How then can the nature of these things called “mental states” be accounted for?

  • Richard Taye Oyelakin
Keywords: Physicalism, Functionalism, Equivalent Relation, Mental states, Machine States

Abstract

Series of attempts have been made to find a sufficient account of the nature of mental states. Functionalism took up the baton and Putnam attempted to use a computational means as a potent analogy to describing the nature of the nature of mental states as a physical component of the world. Putnam discovered that to be consistent on the question, an equivalent relation between a functional state and a corresponding environmental evidence is necessary. But he concludes that no intelligent or non-intelligent agent could discover this. This is because of the conflicting and innumerable nature of the possible environmental evidences. However, even if it were possible, there is the Godel’s Incompleteness Theorem. That is to be able to justify every other proposition in the universe, there must remain some proposition which is not justified. Therefore, computation becomes arbitrary and trivial because there is no means of establishing the equivalent relation and even to justify it. In all of these, the potent question remains; what is the nature of mental states?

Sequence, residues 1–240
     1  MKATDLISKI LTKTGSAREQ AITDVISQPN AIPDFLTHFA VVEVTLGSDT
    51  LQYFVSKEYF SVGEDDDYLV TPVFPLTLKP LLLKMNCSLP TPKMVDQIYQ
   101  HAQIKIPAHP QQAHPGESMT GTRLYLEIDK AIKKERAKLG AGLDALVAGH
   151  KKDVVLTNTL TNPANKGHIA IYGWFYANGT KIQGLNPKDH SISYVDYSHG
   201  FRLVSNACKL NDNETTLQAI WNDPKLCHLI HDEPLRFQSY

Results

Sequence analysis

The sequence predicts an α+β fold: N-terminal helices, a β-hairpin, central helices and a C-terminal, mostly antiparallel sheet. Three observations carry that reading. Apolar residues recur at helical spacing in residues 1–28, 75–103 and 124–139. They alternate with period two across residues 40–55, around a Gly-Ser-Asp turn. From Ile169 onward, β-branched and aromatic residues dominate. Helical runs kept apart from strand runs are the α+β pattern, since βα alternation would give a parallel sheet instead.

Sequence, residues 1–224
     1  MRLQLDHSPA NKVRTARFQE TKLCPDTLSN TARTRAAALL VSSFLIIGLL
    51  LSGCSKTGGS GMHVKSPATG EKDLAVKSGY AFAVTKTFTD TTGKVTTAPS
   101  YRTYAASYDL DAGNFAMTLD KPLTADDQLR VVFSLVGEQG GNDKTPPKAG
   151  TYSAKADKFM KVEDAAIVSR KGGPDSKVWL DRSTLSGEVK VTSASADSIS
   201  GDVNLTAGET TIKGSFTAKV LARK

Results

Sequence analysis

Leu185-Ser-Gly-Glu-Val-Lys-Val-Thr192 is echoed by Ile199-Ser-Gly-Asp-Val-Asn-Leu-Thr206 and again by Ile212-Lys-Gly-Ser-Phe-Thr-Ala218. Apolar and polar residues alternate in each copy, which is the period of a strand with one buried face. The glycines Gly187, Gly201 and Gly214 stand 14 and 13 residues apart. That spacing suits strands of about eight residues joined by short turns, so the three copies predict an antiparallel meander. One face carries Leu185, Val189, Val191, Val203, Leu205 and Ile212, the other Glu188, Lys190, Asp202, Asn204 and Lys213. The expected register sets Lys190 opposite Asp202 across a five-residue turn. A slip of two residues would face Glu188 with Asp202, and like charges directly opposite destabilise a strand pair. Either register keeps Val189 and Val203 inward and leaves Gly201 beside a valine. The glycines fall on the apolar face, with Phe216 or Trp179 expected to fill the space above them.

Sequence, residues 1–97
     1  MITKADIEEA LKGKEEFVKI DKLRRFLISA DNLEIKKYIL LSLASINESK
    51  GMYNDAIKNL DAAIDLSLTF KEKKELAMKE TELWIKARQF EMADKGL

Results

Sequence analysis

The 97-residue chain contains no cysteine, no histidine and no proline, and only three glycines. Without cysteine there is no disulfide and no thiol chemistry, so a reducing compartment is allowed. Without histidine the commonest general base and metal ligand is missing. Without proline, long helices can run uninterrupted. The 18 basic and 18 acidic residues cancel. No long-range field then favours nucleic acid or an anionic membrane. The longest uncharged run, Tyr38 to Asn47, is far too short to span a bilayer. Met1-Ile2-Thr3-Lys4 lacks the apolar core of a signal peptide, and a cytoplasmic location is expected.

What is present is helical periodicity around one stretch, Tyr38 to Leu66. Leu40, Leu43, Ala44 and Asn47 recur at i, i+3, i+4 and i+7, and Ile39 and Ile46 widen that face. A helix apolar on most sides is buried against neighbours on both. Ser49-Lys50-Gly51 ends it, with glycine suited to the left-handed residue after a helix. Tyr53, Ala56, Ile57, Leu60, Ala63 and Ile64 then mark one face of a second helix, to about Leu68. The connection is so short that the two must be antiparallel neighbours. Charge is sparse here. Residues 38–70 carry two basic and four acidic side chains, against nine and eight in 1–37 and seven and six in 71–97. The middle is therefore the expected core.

Keywords: Physicalism, Functionalism, Equivalent Relation, Mental states, Machine States

Published
2016-06-06
Section
Articles

Journal Identifiers


eISSN: 2227-5452
print ISSN: 2225-8590